The weekend was a slow one on the South Side of Everest, with high winds slamming the weather window shut. All told, some 40 climber reached the summit last week, but plenty more spent the weekend in Base Camp, where they anxiously watched the weather reports and waited for good news. That good news came last night in the form of a second projected weather window for the end of this week. It now looks like we can expect another round so summit bids on Thursday and Friday, and teams are now on the move to take advantage of that opportunity.
Amongst the climbers who have begun the ascent are Alan Arnette, who sent an audio dispatch this morning from Camp 1. He reports that the conditions on the mountain are favorable right now, and that he and the entire IMG team he is climbing with, made the climb up to C1 in rapid time. Normally, a lot of teams would push on to Camp 2, but they have elected to spend the day in Camp 1 and conserve their energy for the final push. The plan is to go up to C2 tomorrow, then on to C3 on Wednesday. Thursday, the team will climb to the South Col and Camp 4, where they’ll rest for a few hours before leaving for the summit at around 3 AM Friday morning local time. If everything goes as planned, they should arrive at the summit sometime Friday morning. For Alan, who sounds in great spirits on the dispatch, this would be a major milestone in his 7 Summits For Alzheimer’s campaign.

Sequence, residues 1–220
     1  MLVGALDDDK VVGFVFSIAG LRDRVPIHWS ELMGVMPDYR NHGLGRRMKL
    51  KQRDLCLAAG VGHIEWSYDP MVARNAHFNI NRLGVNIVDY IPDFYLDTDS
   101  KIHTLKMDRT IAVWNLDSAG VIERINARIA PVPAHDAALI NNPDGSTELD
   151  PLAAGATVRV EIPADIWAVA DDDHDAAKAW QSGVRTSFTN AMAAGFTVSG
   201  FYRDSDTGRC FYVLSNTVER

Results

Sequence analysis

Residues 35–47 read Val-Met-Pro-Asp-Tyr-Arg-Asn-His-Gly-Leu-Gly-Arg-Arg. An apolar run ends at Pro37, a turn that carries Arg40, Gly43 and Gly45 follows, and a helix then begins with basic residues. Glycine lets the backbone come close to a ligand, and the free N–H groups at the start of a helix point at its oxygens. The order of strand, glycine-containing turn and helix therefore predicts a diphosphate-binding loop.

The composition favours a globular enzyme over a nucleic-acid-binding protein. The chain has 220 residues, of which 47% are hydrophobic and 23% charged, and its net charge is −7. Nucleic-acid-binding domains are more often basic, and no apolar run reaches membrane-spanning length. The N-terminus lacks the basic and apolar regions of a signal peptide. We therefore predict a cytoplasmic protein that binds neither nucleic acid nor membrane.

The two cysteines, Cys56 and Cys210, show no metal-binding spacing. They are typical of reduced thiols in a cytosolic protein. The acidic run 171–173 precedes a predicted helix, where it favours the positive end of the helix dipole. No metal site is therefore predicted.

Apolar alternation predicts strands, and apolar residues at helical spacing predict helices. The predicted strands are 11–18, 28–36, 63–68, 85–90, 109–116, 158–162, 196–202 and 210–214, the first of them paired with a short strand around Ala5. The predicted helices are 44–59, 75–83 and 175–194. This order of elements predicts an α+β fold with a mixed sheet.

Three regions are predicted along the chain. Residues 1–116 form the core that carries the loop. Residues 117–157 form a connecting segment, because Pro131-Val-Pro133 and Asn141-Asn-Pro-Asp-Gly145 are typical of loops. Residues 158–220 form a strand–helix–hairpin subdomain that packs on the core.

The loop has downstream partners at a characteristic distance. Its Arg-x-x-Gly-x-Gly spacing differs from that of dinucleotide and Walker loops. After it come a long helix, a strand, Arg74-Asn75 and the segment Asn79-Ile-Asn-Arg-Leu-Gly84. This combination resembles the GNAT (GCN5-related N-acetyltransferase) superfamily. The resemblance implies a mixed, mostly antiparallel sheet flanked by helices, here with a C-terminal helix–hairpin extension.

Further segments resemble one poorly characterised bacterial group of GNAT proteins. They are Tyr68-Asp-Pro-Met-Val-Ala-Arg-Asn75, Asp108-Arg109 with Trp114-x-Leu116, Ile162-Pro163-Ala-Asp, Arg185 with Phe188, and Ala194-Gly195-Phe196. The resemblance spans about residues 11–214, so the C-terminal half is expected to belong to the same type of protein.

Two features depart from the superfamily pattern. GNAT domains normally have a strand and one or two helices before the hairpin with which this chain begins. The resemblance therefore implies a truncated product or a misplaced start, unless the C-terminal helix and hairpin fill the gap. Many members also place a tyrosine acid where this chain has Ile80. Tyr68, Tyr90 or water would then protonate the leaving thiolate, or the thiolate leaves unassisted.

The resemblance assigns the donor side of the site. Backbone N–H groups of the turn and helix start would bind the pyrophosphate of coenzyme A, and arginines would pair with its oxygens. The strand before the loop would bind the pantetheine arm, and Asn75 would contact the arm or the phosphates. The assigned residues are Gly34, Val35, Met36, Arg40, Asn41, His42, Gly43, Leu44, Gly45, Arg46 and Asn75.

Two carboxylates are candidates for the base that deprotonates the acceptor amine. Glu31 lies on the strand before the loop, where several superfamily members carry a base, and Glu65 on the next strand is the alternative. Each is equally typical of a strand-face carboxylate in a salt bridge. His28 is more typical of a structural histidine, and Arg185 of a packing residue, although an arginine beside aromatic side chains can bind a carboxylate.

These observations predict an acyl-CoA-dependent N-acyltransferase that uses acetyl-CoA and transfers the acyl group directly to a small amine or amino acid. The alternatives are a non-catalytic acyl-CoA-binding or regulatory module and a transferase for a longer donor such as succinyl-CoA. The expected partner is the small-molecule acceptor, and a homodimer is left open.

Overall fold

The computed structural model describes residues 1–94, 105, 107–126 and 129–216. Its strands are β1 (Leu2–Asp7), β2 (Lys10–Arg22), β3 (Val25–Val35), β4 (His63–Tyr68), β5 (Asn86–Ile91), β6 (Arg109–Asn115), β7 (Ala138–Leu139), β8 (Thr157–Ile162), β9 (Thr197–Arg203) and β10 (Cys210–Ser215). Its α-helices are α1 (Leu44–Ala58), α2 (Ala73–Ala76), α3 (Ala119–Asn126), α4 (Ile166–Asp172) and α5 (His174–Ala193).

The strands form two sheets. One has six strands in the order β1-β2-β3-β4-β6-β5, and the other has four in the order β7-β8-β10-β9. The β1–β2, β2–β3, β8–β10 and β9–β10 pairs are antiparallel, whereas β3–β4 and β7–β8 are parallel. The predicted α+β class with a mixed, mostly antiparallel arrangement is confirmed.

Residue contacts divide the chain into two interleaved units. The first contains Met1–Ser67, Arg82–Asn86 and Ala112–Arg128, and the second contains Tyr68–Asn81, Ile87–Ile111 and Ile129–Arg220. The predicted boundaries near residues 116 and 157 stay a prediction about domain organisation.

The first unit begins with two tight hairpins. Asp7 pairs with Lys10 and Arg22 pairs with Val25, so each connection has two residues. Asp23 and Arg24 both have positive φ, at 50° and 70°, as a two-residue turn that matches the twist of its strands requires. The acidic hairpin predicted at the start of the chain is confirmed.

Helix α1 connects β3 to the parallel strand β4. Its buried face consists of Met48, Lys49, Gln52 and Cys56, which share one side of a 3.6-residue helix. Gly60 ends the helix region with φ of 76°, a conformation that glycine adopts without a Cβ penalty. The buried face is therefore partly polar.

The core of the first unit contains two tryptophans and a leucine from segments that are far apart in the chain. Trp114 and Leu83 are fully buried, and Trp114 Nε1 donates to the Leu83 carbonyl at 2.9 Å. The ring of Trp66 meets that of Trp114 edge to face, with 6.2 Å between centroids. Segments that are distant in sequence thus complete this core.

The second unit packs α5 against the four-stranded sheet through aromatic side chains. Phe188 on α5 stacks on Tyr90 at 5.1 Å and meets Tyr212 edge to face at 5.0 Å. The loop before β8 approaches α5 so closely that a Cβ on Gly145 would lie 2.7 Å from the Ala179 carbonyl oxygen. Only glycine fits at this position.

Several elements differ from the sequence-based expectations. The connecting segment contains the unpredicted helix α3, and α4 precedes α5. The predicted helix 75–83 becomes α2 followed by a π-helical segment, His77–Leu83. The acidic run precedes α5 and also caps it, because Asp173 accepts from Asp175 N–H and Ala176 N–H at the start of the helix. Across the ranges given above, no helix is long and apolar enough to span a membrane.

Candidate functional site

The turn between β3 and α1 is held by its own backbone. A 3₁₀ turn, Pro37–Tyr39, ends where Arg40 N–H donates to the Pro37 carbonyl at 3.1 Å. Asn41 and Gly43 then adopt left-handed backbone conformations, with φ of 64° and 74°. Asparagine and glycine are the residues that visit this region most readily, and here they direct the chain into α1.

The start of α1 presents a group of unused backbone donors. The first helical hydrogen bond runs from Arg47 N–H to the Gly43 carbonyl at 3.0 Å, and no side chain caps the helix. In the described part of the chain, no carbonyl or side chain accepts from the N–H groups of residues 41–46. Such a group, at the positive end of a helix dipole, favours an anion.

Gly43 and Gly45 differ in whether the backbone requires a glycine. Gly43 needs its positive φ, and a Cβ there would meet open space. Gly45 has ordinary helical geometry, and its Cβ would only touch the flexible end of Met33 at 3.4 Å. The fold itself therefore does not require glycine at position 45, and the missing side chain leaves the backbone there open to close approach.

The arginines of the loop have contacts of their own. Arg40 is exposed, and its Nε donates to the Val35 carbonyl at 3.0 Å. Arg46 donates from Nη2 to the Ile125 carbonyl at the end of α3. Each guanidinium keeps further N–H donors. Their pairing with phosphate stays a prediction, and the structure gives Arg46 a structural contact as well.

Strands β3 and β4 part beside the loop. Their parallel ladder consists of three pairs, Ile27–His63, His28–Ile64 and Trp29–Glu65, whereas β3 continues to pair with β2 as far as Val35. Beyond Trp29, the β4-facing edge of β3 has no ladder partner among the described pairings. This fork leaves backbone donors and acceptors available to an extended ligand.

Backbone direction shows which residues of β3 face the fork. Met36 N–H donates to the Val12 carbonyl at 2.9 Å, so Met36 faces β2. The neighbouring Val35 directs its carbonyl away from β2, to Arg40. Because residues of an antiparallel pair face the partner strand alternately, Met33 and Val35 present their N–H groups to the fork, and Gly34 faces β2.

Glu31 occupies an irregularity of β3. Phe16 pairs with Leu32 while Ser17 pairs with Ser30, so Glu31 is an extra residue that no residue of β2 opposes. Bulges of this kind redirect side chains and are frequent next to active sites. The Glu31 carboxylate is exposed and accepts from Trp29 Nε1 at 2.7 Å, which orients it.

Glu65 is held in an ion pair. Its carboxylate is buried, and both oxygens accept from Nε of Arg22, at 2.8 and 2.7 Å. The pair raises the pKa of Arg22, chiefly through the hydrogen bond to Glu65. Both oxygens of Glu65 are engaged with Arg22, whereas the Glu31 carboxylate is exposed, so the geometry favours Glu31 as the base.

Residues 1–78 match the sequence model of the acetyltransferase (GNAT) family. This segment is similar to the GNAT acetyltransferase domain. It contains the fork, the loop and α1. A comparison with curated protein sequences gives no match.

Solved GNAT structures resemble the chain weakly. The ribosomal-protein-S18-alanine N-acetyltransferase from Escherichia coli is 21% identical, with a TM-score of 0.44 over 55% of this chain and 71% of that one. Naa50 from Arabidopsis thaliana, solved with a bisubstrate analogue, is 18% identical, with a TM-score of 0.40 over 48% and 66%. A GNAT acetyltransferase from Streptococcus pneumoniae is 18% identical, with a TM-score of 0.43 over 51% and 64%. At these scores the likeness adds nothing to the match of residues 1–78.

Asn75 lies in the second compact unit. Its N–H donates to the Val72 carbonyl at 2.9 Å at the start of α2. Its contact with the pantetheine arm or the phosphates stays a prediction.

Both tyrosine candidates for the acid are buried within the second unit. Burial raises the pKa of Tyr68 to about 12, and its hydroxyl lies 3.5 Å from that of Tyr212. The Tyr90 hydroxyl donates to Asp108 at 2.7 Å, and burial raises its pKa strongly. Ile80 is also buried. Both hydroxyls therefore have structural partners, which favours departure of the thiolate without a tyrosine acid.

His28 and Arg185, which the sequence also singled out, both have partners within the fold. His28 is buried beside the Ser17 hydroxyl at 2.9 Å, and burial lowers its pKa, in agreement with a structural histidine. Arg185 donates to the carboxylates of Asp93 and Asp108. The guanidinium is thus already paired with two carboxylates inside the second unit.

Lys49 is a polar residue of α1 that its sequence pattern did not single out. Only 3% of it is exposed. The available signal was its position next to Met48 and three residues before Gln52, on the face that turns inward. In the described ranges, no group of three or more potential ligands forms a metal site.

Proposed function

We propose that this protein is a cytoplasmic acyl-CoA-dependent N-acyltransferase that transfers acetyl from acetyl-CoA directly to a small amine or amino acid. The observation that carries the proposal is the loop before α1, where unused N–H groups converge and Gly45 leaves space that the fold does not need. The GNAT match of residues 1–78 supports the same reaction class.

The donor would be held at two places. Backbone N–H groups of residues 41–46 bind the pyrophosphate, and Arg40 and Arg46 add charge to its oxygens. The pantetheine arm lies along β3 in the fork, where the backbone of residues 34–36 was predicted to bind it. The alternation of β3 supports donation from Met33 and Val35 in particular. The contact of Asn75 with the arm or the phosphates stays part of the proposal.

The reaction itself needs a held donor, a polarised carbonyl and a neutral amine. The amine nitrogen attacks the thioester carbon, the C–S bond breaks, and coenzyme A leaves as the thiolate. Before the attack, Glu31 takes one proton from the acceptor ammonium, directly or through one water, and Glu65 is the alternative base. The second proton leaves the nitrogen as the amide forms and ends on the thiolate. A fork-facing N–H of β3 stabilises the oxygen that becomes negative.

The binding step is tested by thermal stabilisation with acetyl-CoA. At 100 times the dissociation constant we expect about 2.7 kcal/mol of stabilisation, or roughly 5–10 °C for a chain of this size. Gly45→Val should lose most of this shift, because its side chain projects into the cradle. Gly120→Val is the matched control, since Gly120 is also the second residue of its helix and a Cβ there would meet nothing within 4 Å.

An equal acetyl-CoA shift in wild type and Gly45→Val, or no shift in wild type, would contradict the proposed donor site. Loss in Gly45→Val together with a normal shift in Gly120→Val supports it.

David Tait has started back up the mountain as well and will be checking in from Camp 2 later in the day via sat phone. In his latest update, he talks about facing the Khumbu Icefall yet again and the toll that the climb is having on his body, having lost a considerable amount of weight. You may recall that David was on his summit push last week when winds picked up on the mountain, causing Himex boss Russell Brice to pull the plug mid-ascent. Tait, and others, were forced to descend all the way back to BC, where they had a short rest before turning around again. The entire Himex squad is hoping to top out during this new weather window later in the week.
There was sad news to report from Everest this weekend, when it was revealed that Japanese climber Takashi Ozaki died on the mountain. ExWeb says that it was apparently a result of HAPE, and notes the particular injustice of Ozaki dying on the normal route of Everest after he helped pioneer some of the more challenging, and little used, other routes on the mountain. Ozaki, who was 58, had plenty of success in high altitude mountaineer, as he had successfully climbed six of the 8000 meter peaks. My condolences to his friends, family, and teammates.
That’s all for now. Expect lots more news later in the week, when it appears there will be another round of summit bids. It is possible that this could be the final weather window of the season, as June is looming, and the monsoon won’t be far behind.
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